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Trust and Collaboration

Mar 30, 2020

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The fundamental purposes of building and sustaining trust are to accomplish tasks and achieve goals. This is true for any enterprise, whether for-profit or not-for-profit. In this way, trust is an operational and collaborative imperative. In health care organizations, lack of trust leader to below-average safety, quality, and patient and provider satisfaction.

Influential leaders are acutely aware that trust and collaboration are inseparable. Trust and collaboration share the same purpose, and without trust any collaboration becomes a farce. After all, people-not processes, policies, strategies, tools or methods – make up the collaboration, and trust that is critical in motivating people to do actual work.

Influential leaders also know that trust begins and ends with their own behavior. Technical master, intelligence, personal and professional drive, past accomplishments, and even vision are admirable and necessary leadership qualities, but they alone do not inspire long-term trust and collaboration. These qualities must be complemented by interpersonal and behavioral competencies. A leader’s high degree of credibility is the sum of both behavioral and technical skills, and this credibility is what sustains trust. Trust, in turn, leads followers to support the concept of collaboration at first and then, ultimately, to fully participate in or pursue collaborations.

As mentioned earlier, in the absence of credible leaders, people will still perform their tasks and abide by organizational rules. They only do so, however, because they want to keep their jobs, and they perform at the lowest acceptable level possible. Obviously, this response is a narrow perspective that produces superficial results. A collaboration that is built on trust has a deeper meaning and thus has long lasting power. It energizes, engages and awakens passion and commitment, even in health care, where many workers suffer from compassion fatigue – the stress, isolation, pain and apathy felt by caregivers.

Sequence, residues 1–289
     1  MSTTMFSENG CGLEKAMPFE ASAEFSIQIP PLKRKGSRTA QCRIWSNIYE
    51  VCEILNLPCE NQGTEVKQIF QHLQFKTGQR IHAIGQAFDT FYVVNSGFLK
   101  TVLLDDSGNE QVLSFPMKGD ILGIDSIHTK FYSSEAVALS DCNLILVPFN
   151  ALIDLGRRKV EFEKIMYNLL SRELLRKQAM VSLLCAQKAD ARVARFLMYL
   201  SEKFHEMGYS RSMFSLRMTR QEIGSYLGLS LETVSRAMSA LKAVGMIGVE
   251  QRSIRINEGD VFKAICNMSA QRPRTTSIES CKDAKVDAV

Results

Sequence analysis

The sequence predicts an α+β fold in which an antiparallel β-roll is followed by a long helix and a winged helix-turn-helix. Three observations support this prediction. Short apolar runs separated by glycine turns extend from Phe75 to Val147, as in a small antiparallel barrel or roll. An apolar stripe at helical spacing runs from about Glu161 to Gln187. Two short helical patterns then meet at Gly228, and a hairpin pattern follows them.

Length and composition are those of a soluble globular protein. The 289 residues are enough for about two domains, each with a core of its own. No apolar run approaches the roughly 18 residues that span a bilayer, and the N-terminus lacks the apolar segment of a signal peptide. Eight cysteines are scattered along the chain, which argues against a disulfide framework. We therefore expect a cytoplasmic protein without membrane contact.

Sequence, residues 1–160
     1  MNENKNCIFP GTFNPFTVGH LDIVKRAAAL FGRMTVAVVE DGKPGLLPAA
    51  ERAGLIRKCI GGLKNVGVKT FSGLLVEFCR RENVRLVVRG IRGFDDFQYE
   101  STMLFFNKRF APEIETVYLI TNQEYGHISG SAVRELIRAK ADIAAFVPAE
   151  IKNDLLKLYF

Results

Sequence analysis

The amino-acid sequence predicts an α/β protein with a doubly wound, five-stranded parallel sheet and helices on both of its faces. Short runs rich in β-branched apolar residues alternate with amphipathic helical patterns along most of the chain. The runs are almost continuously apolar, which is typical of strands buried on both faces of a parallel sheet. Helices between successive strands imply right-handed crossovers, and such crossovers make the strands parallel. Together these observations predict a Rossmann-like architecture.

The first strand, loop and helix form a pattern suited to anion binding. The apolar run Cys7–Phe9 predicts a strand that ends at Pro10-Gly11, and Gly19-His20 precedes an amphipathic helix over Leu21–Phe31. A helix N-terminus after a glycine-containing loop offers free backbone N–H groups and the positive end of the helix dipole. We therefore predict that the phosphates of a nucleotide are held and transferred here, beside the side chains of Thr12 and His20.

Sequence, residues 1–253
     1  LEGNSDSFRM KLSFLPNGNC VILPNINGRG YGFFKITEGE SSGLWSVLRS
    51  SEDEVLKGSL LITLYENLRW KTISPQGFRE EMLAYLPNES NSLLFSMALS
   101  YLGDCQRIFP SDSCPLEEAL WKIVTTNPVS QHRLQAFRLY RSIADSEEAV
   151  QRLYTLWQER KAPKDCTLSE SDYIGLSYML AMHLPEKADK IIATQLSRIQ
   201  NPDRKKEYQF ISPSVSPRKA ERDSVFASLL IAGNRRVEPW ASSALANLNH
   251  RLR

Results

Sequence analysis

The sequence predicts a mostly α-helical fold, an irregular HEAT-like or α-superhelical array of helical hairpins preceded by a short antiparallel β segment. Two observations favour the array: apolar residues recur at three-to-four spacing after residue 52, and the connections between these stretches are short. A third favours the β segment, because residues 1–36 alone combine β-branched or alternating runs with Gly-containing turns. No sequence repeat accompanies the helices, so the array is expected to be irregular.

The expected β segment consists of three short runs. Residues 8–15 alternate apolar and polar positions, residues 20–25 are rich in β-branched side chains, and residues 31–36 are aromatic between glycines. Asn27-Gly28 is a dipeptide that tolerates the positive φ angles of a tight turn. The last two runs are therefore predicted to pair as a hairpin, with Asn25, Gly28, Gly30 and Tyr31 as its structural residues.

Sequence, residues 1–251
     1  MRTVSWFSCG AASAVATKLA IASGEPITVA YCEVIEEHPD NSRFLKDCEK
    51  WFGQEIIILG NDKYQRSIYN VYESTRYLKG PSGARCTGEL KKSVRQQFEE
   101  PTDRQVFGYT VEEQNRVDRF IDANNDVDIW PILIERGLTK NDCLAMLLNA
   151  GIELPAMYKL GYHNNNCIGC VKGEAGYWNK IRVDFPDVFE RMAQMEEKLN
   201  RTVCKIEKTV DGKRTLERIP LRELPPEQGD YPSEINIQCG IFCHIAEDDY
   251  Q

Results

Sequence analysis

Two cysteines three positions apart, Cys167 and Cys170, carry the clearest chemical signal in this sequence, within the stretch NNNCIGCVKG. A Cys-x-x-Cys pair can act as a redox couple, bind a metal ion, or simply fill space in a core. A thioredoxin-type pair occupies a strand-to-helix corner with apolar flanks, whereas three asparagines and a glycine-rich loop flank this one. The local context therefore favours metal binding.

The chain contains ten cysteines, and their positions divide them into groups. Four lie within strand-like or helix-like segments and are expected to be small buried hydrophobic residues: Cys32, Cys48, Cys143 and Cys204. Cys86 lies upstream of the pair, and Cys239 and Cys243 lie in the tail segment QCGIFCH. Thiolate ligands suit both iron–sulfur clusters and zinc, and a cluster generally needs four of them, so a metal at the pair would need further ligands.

Influential leaders are not just passive recipients of trust; they are also proactive givers of trust. They view trust as a mutual practice: They work hard to earn and keep it, and they expect and demand others to do the same. By displaying trust worthy behavior every day, influential leaders serve as a model to their followers and other partners. For example, influential leaders spend time contemplating the qualities and qualifications of candidates for a senior leadership position. They do not hire quickly to expedite the recruitment and hiring processes, especially when the position has been open for a long time. Their goal is to find the most ideal match for the organization and its culture. This reflective practice accomplishes two goals: 1. It lessens the risk of hiring a selfish, uncooperative leader who could undermine the collective success of the leadership team, and 2. It sends the message to the entire organizations that the influential leader is serious about building and strengthening trust.

I have had experience with organizations that had great potential for creating high potential for creating high levels of organizational performance excellence. Unfortunately, the one key ingredient for excellence, trust among the leadership team, was missing. This reflected in the safety, quality, service, and financial performance indicators of the organization. The impact of the low levels of trust rippled through the entire organization.




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